February 3, 2008

Good day, team,

I was just reading about Brandon Roy from the Portland Trail Blazers, our local basketball team, in this morning’s paper. Brandon is a rookie who just became an NBA All-Star. This is not an easy honor to achieve and is only bestowed upon players whose performance is truly extraordinary. It’s even more difficult to achieve for someone who’s relatively new to the NBA.

This achievement reminded me of a challenge I wrote in November 2006, when Portland got a new coach, traded away some bad boys, hired some rookies and began to turn the team around. Today, we see the results. The Blazers are tied for first place in the their division, and players like Brandon are making it happen. Tickets to games are hard to get and Portlanders have a new sense of pride in their hometown team.

Take a look at the challenge I wrote 14 months ago. The message and the challenge are still the same for all of us:

The coach’s challenge this week is about playing on a winning team. Last evening, I was watching the Portland Trail Blazers play basketball on television. This is a rare occurrence since I don’t particularly like watching televised basketball, though it’s a great game in person. I also have no affection for the Trail Blazers, or at least I didn’t before last evening.

For those of you who don’t follow basketball and don’t live in Portland, I’ll include a brief description of our basketball team. Since I moved here in 1998, the Trail Blazers (or the Jail Blazers, as they are affectionately called) behaved like the biggest bunch of spoiled-brat losers I had ever seen. They were all paid outrageous salaries, they frequently made the front page of the newspaper for committing misdemeanors, and when I shyly said hi to one of them in the grocery store one day, he just frowned at me. How could life be so bad for someone who gets paid so much to play sports?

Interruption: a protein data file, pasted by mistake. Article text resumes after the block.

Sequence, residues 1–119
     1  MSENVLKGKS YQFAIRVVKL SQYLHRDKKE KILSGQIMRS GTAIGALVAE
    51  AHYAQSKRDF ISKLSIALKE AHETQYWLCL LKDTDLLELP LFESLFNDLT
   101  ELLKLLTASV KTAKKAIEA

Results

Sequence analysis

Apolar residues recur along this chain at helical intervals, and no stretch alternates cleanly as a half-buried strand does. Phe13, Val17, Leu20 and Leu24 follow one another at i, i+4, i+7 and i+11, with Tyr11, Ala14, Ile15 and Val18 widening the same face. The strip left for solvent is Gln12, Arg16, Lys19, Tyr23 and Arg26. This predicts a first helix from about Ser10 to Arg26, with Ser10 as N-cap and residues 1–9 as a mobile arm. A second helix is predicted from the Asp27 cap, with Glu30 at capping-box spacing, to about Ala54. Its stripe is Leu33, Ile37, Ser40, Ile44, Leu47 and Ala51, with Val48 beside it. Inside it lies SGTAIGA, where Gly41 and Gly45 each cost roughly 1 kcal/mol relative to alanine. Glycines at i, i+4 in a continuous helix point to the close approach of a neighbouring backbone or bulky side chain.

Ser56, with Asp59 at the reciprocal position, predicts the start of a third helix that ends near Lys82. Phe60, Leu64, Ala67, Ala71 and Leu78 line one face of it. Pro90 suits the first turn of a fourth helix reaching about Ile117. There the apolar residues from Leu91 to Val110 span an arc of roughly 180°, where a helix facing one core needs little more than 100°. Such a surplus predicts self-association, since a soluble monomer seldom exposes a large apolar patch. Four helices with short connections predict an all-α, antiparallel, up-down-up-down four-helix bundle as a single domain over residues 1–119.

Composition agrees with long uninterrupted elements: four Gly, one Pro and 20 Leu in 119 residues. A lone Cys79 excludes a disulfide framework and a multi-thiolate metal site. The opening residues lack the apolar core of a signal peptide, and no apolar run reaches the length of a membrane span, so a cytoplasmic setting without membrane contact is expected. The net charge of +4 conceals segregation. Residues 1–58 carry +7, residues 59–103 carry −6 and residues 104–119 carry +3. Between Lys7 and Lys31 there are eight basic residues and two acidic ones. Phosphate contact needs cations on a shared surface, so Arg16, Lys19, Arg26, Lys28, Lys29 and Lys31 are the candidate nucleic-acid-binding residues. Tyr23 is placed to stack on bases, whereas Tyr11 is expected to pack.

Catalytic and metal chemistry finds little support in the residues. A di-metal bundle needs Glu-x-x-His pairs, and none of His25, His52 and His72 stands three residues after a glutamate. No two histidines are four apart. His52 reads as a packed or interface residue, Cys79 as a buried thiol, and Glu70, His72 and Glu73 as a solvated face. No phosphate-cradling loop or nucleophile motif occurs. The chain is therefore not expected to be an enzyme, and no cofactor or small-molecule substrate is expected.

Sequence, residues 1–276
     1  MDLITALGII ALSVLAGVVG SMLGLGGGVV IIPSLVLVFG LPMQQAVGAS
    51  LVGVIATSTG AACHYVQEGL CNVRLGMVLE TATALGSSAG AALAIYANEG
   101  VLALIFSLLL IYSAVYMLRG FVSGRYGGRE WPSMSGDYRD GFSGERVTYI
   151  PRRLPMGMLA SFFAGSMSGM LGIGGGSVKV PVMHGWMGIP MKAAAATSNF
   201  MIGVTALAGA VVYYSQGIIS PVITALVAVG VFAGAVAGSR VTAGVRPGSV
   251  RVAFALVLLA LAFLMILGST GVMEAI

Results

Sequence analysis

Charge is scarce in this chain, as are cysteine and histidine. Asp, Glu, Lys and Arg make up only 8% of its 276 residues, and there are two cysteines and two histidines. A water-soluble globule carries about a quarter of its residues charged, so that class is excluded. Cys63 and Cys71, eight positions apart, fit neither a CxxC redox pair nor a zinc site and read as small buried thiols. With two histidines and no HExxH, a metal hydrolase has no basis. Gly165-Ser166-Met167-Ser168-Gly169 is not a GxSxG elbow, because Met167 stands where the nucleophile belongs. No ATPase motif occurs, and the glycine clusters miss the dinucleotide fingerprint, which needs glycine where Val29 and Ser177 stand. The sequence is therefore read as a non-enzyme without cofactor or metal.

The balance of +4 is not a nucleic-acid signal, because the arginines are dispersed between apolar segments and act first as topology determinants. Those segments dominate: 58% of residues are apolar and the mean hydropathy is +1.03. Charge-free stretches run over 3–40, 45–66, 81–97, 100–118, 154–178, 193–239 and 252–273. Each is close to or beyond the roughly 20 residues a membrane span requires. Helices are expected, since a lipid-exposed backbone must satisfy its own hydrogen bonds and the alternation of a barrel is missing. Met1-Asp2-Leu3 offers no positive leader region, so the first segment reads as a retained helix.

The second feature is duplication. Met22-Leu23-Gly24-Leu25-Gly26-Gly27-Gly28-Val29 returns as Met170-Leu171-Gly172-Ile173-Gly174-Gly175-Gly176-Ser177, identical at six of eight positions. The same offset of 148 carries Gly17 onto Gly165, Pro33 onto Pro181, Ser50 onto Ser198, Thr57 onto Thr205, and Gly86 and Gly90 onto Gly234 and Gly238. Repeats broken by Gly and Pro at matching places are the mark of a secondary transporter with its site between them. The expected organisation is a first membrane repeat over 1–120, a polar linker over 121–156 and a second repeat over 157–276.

Last season, you couldn’t give away tickets to their basketball games. They were an embarrassment to all of us, and as the coaching staff continued to turn over rapidly, the city was rife with rumors that their wealthy owner was trying to sell both them and the arena in which they play.

But with a new coach and some rookies, much has changed since last year. What I saw last night amazed me. The rookies ran up and down the court as though their lives depended on it, trying to take every shot they could. In fact, the only guys who looked flat-footed were players who were holdovers from last year.

The arena was full, and the fans were shouting and jumping up and down with great enthusiasm. This was a team they could get behind. Here were some winners they could believe in. Maybe, just maybe, things had turned around, and the Blazers were back!

Clearly, being part of a winning team is the best. It’s great to be part of an endeavor in which people go beyond their normal limitations to win. It makes everyone feel good to see players who “have each other’s backs” work incredibly well together and support each other on every play. Even the coach didn’t sit down. He paced back and forth on the sidelines, gesturing for the ball to go in the basket, giving his players a high five when they came back to the bench, encouraging them to keep the energy up and not to slack off. And he didn’t shy away from letting the slackers know that they weren’t holding their own for the rest of the team.

This week, consider your team. Whether you’re the coach, or a player, or both, are you winning? Are you letting your team players know that each one of them plays a critical role and that their ability to work together is essential in winning? Does your coach give you all the support and encouragement you need to win? Are you putting out your maximum effort to be the best player on the team?

Your challenge this week is to do just that. Play as though your life depended on it. You have nothing to lose and everything to gain!

Have a winning week.